WHEREAS, Budget short falls have impacted census partnerships and outreach to large corporations and community groups. Late last year only 40 employees, where it should have been 100 to 200, were focusing on working with clergy members, corporations and other community leaders who assist in driving home the importance of participating in the count.  By 2020, there should be 4,000 to 6,000 partner specialists in place. Plans to test a range of local outreach and messaging strategies to minimize undercounting have either not been initiated or stalled; and


WHEREAS, The U.S. Constitution requires a count of all people living in the United States, whether they are citizens or noncitizens, born in the United States or in another part of the world. Recent Census Bureau focus groups have documented a heightened level of concern about confidentiality in completing the census, particularly in immigrant communities. This may only be compounded by adding a citizenship question to the census, thereby potentially creating a chilling effect on census response rates; and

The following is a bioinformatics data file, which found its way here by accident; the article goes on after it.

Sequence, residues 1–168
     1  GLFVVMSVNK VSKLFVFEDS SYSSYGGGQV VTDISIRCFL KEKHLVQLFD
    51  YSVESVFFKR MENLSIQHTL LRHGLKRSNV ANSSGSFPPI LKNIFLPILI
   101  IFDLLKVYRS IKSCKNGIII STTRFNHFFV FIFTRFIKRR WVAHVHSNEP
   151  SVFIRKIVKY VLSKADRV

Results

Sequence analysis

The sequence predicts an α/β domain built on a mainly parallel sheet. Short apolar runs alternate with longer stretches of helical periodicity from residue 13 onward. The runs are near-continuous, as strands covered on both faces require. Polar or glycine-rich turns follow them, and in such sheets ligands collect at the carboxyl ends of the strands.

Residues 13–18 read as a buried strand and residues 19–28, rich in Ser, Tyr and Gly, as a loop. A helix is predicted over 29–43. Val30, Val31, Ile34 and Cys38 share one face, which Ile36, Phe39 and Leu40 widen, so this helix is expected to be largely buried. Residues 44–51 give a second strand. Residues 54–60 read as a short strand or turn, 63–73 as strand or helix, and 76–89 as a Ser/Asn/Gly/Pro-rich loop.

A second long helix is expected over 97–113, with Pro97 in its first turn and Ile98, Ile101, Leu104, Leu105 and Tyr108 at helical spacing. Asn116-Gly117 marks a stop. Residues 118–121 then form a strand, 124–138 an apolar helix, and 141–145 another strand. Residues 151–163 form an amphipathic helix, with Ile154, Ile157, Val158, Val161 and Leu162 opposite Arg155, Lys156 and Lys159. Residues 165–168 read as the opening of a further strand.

WHEREAS, Ninety-nine percent of the state’s prison cells are outside the City, yet forty percent of the state’s prisoners are from Philadelphia county. Use of the data derived from this long-standing flaw, oft times referred to a “prison-based gerrymandering”, is utilized to draw legislative districts. The “usual residence” rule, instead of tabulating incarcerated persons as residents of the community where they resided prior to incarceration creates serious problems whose repercussions will be felt far beyond the 2020 census; and


WHEREAS, Failure to prepare, and execute before the once-a-decade population count, will force the Census Bureau to shortchange 2020 Census operations designed to improve accuracy and lead to a result that deprives all equal political representation and access to their fair share of public and private resources; now, therefore, be it


RESOLVED, THAT THE COUNCIL OF THE CITY OF PHILADELPHIA, Does hereby authorize the Committee on Law and Government to hold hearings on the decennial 2020 Census.